Bill and Trav's Bogus Journey Tour [Part III]

A Word on Band-Crowd Interaction

Welcome to Bill and Trav's Bogus Journey Tourblog part the third. In this episode, I will discuss something I find very, VERY essential to a good band's performance and something which I witnessed at the show I attended on "Bill and Trav's Bogus Journey Tour" featuring The Academy Is... and We the Kings.

If you are in an aspiring band or even a prominent band, listen the hell up, because I -as a fan- have some advice for you. In my experience in the front rows of multitudes of crowds, nothing quite sends a jolt of excitement through me as when a band member points out the fans who are singing along ferociously-- when a band shows an active appreciation for its supporters. Now, it doesn't have to be me, but any fan. We all feel exstatic for that person, you can feel the surge in the crowd move in his or her direction, and feel our collective excitement grow when you acknowledge us.

For example, some of my fondest memories from shows have been those tiny, fleeting moments when I have made eye-contact with the members of bands during my favorite songs or have been pointed out or smiled at by band members, or more specific things like when Matt Skiba, singer and guitarist of Alkaline Trio dedicated a song to me when he noted I was one of the only living in a seemingly dead crowd and called me "[his] new friend." There was a time when Ryan, the singer of Greeley Estates jumped from the stage and stood in front of me at the barricade and held the mic between us as he held onto my shoulder and we both sang the song. Moments like that are what make these shows and make memories for the fans.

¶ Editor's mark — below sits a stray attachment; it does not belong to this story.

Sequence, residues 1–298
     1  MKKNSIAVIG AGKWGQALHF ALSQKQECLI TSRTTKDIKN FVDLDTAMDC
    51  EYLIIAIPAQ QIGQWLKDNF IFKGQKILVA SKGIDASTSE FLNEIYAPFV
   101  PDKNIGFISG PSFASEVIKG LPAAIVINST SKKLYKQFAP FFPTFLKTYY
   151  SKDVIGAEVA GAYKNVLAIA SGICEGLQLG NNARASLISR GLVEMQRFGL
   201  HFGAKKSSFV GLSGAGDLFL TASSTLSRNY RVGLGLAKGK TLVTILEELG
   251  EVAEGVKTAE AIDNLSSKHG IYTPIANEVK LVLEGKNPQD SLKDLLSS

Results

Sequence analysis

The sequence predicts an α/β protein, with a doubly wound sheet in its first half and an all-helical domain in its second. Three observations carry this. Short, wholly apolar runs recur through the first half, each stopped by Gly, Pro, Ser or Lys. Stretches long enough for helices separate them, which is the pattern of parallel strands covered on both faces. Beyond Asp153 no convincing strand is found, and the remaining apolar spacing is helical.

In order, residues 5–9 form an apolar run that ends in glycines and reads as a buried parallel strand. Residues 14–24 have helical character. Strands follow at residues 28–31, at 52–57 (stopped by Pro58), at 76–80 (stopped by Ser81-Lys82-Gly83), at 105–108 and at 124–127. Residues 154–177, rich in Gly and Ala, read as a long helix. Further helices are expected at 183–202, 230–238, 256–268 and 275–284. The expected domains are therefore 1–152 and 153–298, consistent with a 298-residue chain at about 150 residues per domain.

So, I would like to congratulate The Academy Is... and We the Kings on their excellence in crowd interaction at the show. First, good call on the part of the guitarist of We The Kings for going down to the barricade and interacting with fans when his guitar started malfunctioning instead of worrying too much about the guitar. From where I was standing beside the stage, I could see the entire crowd and the surges of people who rushed to where he stood at the barricade when he was there was an amazing thing to watch. Also, great job to Travis of We The Kings for spending time at the barricade. Nothing is better for fans than that up-close and personal experience. William Beckett, singer of The Academy Is... also treated the crowd to an intimate experience when he stood at the barricade and held the mic out to some of the fans toward the end of the set. Also, instead of going back onstage at the end of their set and exiting like normal, he walked the front row of the crowd, giving high fives all the way down the line until he reached the backstage door, but not before a girl jumped down and he took his picture with her. Also, he pointed out my friend and I a couple times, as well as acknowledge many rabidly singing-along fans in the audience.

So, band members this is what you should take away from this blog:
-interact with your fans. They like it. A lot.
-crowd interaction is what, I feel, sets a great band apart from a mediocre one.

We- fans and band members- are in this together, and want to feel involved when we come to shows. Involve us!

Keep an eye out for part IV-- my epiphany. Also, there are still pictures and videos to come!


Click here to advance to Part Four (there you will find video footage)

Go back:
Part One| Part Two


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